Politics of Friday, 4 August 2017
The Speaker of Parliament has fired what may well be a trigger for a new ideological warfare between followers of Dr Kwame Nkrumah, Ghana’s first president and his biggest opponent at the time Dr JB Danquah.
Prof Mike Ocquaye said whilst he has great regard for Nkrumah it would be travesty of justice for anyone to suggest or say that he was the founding father of Ghana.
He said the story of Nkrumah and the founders of the United Gold Coast Convention was similar to biblical Paul who was not present during the last Supper with Christ, as were Peter James and John but is credited to have played a major role in the spread of Christianity.
Paul can never be said to be a founder of Christianity, he said.
At best, Nkrumah is also one of the founding fathers of Ghana whose role in fighting for independence cannot be underestimated but cannot be said to be the founder, he pointed out.
For a country that has politicised a lot of issues, the Speaker of Parliament said it can only be an element of propaganda for anyone to elevate Nkrumah to a Founder position when he only assisted in the independent struggle.
He was however quick to add, that before the arrival of Dr Nkrumah to join the independent struggle, the foundation for independence had been laid by men, women whose contributions have unfortunately been discounted.
According to him, before Nkrumah came, the name for new independent country- Ghana- had been chosen; the flag, Red Gold and Green had been chosen; the emblem, which is the Eagle, had been chosen.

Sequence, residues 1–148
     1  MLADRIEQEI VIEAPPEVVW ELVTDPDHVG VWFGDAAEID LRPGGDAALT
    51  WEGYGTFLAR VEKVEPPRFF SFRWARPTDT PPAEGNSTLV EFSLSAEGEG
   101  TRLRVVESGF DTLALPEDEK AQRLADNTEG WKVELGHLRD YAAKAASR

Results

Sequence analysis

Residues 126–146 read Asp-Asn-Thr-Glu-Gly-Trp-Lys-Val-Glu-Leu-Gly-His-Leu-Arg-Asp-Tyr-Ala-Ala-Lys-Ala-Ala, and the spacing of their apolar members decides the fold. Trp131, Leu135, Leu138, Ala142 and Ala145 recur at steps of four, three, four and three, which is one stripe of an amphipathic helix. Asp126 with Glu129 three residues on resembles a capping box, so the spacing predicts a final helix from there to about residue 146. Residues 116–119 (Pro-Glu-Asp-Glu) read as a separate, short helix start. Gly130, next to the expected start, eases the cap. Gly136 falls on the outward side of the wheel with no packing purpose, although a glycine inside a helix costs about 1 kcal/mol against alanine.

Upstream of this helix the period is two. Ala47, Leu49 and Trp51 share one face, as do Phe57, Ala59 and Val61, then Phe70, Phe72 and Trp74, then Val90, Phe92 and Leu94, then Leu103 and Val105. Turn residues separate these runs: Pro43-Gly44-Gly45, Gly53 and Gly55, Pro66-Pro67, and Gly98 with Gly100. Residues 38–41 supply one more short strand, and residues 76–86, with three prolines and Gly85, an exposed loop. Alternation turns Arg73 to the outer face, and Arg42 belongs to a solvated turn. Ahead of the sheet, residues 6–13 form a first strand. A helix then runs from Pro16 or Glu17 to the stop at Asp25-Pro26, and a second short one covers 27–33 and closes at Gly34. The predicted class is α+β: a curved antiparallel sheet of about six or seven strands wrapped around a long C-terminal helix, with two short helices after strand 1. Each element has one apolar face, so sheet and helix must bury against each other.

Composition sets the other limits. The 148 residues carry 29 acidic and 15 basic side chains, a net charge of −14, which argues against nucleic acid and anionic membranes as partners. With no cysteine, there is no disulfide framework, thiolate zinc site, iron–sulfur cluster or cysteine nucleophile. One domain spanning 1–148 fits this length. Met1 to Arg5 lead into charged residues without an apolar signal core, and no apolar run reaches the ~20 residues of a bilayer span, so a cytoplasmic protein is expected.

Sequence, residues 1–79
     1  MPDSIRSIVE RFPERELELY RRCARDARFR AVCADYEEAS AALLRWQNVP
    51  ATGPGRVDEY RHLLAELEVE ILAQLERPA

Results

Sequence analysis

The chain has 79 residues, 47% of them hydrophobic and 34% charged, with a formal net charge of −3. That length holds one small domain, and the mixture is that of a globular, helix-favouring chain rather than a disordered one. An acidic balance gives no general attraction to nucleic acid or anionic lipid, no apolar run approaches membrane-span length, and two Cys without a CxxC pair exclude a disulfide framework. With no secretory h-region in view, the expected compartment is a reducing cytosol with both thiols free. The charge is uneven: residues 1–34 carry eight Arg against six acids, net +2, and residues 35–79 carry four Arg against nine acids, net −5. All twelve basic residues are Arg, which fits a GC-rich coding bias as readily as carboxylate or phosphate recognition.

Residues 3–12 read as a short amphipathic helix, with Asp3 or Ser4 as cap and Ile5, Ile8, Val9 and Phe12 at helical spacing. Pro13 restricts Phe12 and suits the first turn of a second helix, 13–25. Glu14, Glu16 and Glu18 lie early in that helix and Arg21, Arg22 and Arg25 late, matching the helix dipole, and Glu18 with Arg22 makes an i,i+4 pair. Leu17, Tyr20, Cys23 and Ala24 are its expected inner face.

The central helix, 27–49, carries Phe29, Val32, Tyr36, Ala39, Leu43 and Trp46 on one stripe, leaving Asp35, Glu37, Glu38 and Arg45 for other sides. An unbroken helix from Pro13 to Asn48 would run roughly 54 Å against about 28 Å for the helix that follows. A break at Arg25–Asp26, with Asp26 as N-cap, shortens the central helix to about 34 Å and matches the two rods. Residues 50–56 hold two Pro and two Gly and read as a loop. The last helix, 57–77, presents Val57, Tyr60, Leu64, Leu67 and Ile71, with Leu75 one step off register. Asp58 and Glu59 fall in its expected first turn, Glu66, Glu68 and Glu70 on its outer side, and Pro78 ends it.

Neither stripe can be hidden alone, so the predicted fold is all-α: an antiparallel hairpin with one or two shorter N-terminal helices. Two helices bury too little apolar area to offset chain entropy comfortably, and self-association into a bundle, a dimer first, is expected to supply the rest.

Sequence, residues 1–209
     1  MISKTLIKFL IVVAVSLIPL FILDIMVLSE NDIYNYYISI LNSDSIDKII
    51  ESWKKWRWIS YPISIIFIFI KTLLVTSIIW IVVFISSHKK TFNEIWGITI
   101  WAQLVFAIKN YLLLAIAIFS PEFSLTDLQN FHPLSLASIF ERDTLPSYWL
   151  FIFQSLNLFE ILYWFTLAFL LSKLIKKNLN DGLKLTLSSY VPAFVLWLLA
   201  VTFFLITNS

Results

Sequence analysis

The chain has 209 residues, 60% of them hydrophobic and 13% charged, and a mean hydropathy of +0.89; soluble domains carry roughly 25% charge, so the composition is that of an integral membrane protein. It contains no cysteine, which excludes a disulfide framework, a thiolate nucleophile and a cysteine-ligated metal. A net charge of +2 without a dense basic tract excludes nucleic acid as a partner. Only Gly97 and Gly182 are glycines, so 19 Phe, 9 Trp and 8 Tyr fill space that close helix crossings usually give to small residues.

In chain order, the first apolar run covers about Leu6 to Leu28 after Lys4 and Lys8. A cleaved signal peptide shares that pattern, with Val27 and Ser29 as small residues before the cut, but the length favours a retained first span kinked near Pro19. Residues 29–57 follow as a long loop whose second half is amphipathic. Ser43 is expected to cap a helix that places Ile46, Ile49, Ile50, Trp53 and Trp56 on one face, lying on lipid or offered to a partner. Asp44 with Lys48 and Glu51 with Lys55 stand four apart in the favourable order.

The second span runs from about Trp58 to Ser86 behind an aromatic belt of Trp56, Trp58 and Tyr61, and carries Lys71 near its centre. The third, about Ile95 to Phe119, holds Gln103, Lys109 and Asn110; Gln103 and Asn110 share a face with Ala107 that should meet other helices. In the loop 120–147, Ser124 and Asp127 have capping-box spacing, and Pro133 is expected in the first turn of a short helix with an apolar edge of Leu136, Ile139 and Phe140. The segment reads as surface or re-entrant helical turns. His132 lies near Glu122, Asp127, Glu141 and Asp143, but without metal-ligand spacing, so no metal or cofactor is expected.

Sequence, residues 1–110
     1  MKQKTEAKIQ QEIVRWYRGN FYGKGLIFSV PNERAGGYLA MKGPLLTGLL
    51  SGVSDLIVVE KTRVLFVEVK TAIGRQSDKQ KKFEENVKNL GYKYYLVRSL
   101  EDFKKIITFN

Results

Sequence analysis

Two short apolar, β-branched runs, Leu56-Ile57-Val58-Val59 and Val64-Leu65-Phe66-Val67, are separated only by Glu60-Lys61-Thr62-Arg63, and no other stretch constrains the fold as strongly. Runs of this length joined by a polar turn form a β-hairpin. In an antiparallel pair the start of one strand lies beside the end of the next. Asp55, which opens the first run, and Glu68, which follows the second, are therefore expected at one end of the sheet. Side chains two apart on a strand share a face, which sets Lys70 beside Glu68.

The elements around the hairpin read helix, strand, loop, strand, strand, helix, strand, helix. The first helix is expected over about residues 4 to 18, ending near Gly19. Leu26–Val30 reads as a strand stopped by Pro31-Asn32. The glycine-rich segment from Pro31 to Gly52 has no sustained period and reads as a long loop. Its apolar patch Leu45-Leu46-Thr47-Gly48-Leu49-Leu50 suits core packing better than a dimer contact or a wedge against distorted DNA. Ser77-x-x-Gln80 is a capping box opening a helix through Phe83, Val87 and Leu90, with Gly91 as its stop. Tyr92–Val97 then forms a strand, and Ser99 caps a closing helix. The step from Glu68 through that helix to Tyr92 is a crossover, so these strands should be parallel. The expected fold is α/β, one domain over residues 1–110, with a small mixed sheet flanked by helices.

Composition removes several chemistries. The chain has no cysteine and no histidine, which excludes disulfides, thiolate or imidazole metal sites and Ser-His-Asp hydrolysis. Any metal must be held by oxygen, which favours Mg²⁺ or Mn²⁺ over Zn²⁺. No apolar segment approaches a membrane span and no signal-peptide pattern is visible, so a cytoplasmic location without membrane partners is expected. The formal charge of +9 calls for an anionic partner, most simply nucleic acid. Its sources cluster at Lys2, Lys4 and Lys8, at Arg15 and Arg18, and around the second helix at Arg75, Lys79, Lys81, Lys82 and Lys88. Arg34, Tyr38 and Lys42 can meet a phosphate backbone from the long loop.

It is therefore a fallacy and propaganda to name Dr Nkrumah the founder of Ghana’s independence when all these have been done, he stated.
According to him, even when he became president, Dr Nkrumah decided to change the colour of Ghana to Red, White and Green in 1964.
“All Embassies and High Commissions were instructed to change the flag,” he said in a commentary to mark the 70th Anniversary of the formation of the United Gold Coast Convention (UGCC) the first political party in Ghana.
It was only after he was overthrown, that Ghana went back for the original Red Gold Green, Prof Ocquaye intimated at an occassion attended by Bernard Mornah of the PNC and Ivor Greenstreet of the CPP.
August 4, 1947
Prof Ocquaye said the date August 4 will forever remain a momentous occasion in Ghana’s history because it marked a major turning point in the independent struggle.
Describing the date as Ghana’s day of destiny, the Speaker of Parliament said the democracy, rule of law freedom of speech which Ghanaians enjoy today can be traced to the seeds sown in August 4.
On that day he said key political leaders Paa Grant, JB Danquah, Ako Adjei, Edward Akufo-Addo and others resolved to fight for Ghana’s independence.
“Those who met to fashion out independence did not include Nkrumah, though he came later and added significantly,” Prof Ocquaye said.
“I have a great regard for Nkrumah but the truth is, he is not a Founder of Ghana.”
According to him, Nkrumah left for US in 1935 but returned in 1947 on the request of JB Danquah to assist in the independence struggle.
“He was the only person on salary,” the Speaker stated.
He does not understand how anyone will turn around and gift Nkrumah the sole founder accolade.
The Speaker jabbed the late president John Mills for announcing the Founder’s Day celebration which falls on the birthday of Dr Nkrumah.
“Mills misestablished the Founder’s day,” he said, adding, “We must not confuse these things.”
If we want blessing given we must honour those who deserve to be honoured.
Whilst Nkrumah can be credited for pan africanist achievements, his infrastructure development including motorway, honour must be given to the deserving fathers, the Speaker noted.
The lecture was attended by President Nana Akufo-Addo and Ex-president John Kufuor with multitude of NPP members and ministers of state.